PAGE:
Looks like we’re headed back to the Supreme Court. Or maybe just nowhere fast.
In a textbook case of Beltway schizophrenia, two different U.S. appeals courts rendered two dramatically differing decisions
over one of the most critical funding components of the Patient Protection and Affordable Care Act.
The D.C. court struck down the Internal Revenue Service’s reading of the legislation, barring the agency from allowing poorer customers on the federal exchange from federal subsidies. The majority, a pair of Bush appointees, took the law at face value.
“The problem confronting the [PPACA] is that subsidies also turn on a third attribute of Exchanges: who established them,” read the majority opinion. “Under section 36B, subsidies are available only for plans ‘enrolled in through an Exchange established by the State under section 1311 of the PPACA.’”
Technically speaking, this is true. According to how PPACA is written, federal subsidies are only available for enrollees in the state exchanges. Period. Was it a typo, as some on the left declared, wringing their hands? And does it matter?
It did to another set of judges. Down I-95 a bit, a panel of Obama appointees in Richmond, Va., ruled unanimously the other way, upholding the federal subsides across the board. Or, to be more precise, they ruled the IRS has the discretion – and authority – to make that call.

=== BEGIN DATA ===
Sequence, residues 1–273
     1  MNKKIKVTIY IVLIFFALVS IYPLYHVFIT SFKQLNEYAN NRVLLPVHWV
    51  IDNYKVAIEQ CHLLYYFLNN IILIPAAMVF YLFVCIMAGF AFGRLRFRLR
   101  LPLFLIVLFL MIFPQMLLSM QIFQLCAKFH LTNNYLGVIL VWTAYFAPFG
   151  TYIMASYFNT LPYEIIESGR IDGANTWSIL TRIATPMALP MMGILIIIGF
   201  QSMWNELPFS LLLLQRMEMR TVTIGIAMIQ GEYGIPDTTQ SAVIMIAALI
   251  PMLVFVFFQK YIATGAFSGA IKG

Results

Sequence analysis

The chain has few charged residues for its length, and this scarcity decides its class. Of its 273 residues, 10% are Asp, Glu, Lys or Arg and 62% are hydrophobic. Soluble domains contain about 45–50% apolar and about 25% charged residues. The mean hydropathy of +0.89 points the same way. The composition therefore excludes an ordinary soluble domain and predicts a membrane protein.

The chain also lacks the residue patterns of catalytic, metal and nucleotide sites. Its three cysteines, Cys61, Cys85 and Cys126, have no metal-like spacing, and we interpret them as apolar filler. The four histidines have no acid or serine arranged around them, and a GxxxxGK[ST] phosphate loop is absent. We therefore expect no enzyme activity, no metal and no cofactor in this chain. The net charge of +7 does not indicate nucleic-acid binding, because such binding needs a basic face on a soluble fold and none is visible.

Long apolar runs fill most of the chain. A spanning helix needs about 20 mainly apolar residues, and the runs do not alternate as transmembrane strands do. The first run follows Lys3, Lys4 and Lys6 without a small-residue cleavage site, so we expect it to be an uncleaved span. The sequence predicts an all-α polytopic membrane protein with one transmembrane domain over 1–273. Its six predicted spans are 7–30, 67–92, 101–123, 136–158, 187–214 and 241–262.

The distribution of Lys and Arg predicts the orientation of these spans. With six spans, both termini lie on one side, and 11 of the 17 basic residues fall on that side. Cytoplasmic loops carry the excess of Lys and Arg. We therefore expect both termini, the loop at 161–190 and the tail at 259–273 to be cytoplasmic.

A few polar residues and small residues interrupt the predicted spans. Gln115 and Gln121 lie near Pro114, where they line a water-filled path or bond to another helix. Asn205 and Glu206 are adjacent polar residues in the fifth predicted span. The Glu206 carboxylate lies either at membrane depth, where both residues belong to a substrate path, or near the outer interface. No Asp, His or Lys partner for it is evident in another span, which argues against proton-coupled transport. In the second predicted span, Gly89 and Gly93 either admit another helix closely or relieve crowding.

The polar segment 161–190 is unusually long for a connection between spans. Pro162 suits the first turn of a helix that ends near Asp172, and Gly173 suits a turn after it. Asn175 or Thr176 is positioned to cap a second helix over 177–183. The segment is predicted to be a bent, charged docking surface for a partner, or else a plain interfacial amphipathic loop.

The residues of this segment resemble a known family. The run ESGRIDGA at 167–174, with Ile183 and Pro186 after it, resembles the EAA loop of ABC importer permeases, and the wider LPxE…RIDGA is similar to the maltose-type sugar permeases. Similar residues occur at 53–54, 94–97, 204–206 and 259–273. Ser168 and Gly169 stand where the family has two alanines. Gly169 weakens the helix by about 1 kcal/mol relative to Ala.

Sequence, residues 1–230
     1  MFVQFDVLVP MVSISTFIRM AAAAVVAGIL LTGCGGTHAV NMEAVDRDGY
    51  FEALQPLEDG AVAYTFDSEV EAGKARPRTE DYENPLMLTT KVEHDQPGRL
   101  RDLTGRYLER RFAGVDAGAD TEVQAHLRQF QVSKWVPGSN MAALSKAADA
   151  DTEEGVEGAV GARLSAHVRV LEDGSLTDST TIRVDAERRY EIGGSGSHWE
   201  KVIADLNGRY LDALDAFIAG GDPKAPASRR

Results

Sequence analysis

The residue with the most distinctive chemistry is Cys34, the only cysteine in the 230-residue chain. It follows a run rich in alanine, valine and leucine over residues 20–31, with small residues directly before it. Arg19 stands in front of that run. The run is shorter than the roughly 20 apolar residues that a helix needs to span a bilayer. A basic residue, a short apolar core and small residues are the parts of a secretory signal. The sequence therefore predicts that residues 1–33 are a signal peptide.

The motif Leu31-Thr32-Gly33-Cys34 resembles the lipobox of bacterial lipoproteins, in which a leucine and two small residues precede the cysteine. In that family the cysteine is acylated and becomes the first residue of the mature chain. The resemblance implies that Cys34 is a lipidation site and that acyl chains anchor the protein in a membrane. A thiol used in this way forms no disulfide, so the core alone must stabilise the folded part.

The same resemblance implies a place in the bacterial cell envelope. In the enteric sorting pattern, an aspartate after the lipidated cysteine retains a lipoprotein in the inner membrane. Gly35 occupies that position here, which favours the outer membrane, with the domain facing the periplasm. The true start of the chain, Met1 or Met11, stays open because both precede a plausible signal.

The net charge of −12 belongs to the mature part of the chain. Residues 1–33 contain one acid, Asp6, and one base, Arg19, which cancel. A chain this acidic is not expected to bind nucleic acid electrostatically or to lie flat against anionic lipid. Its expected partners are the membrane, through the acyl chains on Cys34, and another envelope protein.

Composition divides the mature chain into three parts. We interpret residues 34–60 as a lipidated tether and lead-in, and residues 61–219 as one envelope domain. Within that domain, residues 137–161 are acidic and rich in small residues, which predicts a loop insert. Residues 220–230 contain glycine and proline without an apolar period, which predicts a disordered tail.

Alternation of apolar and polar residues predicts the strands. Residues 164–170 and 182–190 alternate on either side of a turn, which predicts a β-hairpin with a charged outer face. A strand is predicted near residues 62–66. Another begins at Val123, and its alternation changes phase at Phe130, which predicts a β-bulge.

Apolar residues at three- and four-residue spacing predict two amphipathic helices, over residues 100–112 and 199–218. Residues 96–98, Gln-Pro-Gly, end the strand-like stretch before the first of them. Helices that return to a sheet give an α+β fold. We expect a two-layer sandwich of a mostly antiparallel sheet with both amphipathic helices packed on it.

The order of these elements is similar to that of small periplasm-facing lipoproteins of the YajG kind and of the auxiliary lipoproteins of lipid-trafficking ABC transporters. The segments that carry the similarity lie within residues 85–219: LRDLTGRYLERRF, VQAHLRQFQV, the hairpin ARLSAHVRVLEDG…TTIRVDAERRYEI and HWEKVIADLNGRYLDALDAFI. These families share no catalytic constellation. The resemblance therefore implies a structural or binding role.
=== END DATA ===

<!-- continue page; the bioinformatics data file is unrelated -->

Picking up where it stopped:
“We uphold the rule as a permissible exercise of the agency’s discretion,” the majority opinion declared.
The court didn’t rule on the specificity of 36B or the ambiguity of the law as a whole, instead circumventing the issue of the legislature’s intent (and bad use of language) and focusing only on the authority of the executing agency. Kind of a copout, honestly, and I have to admit a part of me dies every time the IRS gets a little more power.
For today, nothing’s changed. Everything’s on hold until the full District Appeals Court meets. But in the longer term, you might as well add partisanship and uncertainty to the “death and taxes” list of the only sure bets in life.
Both sets of stuffy robes probably got this wrong, but it’s sad that the courts – our last vestige of uncertain political drama – have become as partisanly predicable as everyone else in the Beltway. I know I’m probably over-romanticizing how non-partisan judges used to be, but they as least appeared to be above the fray. That illusion’s as dead as a college education, retirement and the Tooth Fairy.
Blame whoever actually wrote this monstrosity that makes about as much sense as the last Michael Bay film (with about as many screenwriters). No matter what they meant, this thing is a syntactical, legal mess.
My idol, Ernest Hemingway, wrote a letter back in 1934 to his friend, F. Scott Fitzgerald.
“I write one page of masterpiece to ninety-one pages of shit,” he wrote. “I try to put the shit in the wastebasket.”
In Congress, they put those 91 pages in the law. And the rest of us are stuck smelling it.
Originally published on BenefitsPro.com